The Bodhisatta was once an ascetic who had many followers studying with him in the Himalayas. One rainy season when the group came to stay in the city, they stayed in the royal park and were taken care of by the king. When the rains had ceased and it was time to return to the wilderness, the Bodhisatta, having grown quite old, announced he would bid his disciples farewell and remain behind to live out his final days in the city.
One day the eldest of the ascetics, who had been a king before pursuing the religious life, decided to visit the Bodhisatta; so he returned to the city. While the two talked, the king arrived to see the Bodhisatta. The other ascetic did not rise when the king entered, he just lied on his mat uttering “Oh, happiness, oh happiness…” The king criticized him for this disrespect, but the Bodhisatta explained that this ascetic was also once a king. And now, unrestrained by his former life of luxury, with royal pomp and armed guards around him at all times, he had true happiness that only insight can provide. He was free from being slave to lusts. The king listened to the Bodhisatta’s lesson and returned to his palace with new understanding.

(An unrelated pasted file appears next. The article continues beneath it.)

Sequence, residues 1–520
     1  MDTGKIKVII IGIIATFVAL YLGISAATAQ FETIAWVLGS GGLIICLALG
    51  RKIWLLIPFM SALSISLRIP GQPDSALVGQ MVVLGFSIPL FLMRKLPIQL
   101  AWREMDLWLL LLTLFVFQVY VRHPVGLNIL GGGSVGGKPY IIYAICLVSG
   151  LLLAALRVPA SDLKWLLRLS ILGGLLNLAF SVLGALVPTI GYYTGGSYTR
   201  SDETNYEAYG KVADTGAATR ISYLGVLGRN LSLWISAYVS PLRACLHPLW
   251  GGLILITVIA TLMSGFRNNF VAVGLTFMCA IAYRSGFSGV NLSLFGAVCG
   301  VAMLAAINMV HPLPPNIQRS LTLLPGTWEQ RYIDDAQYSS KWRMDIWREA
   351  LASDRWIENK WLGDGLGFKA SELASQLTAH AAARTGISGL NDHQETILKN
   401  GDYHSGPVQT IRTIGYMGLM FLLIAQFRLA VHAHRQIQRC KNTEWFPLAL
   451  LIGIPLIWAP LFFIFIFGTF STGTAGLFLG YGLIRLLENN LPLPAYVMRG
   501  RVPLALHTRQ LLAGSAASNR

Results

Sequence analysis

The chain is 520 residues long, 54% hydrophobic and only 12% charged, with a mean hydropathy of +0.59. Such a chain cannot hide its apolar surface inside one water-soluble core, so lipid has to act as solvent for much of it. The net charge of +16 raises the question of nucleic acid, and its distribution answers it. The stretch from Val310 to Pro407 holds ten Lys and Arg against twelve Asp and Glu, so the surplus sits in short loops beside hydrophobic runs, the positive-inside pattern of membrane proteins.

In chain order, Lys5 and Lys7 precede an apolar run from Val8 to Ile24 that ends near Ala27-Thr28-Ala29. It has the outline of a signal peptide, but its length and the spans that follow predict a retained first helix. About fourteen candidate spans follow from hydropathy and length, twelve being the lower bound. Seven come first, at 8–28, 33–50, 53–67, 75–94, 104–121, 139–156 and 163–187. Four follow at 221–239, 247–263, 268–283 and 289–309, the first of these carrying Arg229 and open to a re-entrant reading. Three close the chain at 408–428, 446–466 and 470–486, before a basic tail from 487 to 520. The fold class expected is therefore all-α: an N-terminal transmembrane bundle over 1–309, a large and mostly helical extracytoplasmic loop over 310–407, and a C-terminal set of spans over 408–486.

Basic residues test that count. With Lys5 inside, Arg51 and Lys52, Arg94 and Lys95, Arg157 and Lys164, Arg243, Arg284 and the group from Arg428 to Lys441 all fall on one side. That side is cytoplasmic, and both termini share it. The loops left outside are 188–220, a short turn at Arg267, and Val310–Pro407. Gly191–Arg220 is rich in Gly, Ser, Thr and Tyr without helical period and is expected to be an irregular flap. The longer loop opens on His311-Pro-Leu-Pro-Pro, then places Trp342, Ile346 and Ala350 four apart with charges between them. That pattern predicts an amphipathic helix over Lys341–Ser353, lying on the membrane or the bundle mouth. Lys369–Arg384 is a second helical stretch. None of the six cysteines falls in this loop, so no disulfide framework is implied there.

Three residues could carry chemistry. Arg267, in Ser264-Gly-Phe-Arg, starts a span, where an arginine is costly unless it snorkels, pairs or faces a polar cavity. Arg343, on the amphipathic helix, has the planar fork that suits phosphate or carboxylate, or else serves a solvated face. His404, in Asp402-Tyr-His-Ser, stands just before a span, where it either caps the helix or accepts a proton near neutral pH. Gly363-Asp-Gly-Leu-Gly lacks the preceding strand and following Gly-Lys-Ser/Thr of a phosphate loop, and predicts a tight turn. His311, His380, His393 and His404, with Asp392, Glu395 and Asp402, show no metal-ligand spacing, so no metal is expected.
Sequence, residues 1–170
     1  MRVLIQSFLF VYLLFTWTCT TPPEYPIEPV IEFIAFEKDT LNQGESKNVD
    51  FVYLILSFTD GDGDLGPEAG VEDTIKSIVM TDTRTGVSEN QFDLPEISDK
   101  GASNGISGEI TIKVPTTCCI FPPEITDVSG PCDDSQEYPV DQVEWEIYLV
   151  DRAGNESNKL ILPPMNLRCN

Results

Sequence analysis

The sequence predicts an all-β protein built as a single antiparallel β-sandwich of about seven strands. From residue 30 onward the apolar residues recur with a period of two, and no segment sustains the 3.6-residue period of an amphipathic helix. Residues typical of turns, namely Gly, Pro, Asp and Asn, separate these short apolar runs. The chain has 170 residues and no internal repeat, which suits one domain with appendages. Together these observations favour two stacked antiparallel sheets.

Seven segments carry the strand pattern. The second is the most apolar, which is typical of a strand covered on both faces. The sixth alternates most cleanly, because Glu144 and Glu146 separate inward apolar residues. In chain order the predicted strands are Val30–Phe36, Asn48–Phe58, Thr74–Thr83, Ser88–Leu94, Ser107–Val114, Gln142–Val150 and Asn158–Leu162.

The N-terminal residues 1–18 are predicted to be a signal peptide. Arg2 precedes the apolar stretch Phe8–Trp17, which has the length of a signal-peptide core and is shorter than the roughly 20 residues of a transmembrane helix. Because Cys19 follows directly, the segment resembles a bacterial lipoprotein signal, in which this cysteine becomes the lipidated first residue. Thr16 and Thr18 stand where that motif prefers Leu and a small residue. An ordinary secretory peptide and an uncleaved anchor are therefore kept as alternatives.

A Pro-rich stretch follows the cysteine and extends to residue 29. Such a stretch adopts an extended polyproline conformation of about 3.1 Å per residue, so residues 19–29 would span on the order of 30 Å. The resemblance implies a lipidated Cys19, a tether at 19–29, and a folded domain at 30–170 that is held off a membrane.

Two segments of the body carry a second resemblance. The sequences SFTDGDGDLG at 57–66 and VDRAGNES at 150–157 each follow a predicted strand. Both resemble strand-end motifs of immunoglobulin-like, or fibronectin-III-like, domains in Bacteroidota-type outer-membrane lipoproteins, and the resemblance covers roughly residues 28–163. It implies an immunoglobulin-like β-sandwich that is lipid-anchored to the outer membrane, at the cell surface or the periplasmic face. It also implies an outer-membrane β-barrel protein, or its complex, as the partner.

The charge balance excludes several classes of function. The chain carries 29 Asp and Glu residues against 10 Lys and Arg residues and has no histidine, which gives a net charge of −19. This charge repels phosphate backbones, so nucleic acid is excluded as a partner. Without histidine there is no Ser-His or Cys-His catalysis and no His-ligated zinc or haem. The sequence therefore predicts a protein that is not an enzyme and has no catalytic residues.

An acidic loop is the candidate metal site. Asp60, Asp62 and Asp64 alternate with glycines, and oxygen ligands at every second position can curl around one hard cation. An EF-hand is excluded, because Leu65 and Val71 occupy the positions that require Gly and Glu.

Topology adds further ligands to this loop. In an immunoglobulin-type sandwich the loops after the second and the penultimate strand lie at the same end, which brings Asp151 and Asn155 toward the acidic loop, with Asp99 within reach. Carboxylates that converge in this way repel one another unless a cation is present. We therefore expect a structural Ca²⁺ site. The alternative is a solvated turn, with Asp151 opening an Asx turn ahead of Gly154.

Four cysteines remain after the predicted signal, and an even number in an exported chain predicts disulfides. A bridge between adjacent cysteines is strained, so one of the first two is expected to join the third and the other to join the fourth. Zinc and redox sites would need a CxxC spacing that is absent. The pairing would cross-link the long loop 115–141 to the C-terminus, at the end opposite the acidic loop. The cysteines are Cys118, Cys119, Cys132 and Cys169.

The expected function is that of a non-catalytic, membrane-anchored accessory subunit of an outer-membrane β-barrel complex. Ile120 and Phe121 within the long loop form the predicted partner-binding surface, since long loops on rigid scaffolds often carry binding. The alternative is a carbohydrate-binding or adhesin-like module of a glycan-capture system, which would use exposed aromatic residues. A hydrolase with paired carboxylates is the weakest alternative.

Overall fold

In the Lifetime of the Buddha
The disciple who visited the Bodhisatta in the city was an earlier birth of one of the Buddha’s disciples who had been a king before becoming a monk. In those days he lived in a perpetual state of fear, even when in his private chambers deep inside the palace, despite being constantly surrounded with guards.
Now as an arahant, he roamed widely through dangerous wilderness with no fear at all. Thinking back to his past, he felt overwhelming joy and exclaimed “Oh, happiness, oh happiness…” Some other disciples overheard him saying this and mentioned it to the Buddha. The Buddha told them this story so they knew it was not the first time this disciple had been filled with happiness after adopting a religious life.